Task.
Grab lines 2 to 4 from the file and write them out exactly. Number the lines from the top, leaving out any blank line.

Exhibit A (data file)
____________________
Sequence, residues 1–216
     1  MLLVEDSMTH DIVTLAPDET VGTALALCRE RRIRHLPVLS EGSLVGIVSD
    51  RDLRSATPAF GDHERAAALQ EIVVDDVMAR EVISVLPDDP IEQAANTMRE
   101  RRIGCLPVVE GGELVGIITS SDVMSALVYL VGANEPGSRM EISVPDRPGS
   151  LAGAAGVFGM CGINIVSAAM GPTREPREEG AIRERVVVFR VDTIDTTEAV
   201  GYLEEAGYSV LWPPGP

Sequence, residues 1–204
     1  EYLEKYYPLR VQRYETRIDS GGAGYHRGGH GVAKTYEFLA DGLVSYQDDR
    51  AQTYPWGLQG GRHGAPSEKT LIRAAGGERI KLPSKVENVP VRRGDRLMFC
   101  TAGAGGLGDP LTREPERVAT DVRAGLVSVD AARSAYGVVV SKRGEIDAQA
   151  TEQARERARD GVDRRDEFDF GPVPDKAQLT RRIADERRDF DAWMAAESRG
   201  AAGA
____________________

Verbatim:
     1  MLLVEDSMTH DIVTLAPDET VGTALALCRE RRIRHLPVLS EGSLVGIVSD
    51  RDLRSATPAF GDHERAAALQ EIVVDDVMAR EVISVLPDDP IEQAANTMRE
   101  RRIGCLPVVE GGELVGIITS SDVMSALVYL VGANEPGSRM EISVPDRPGS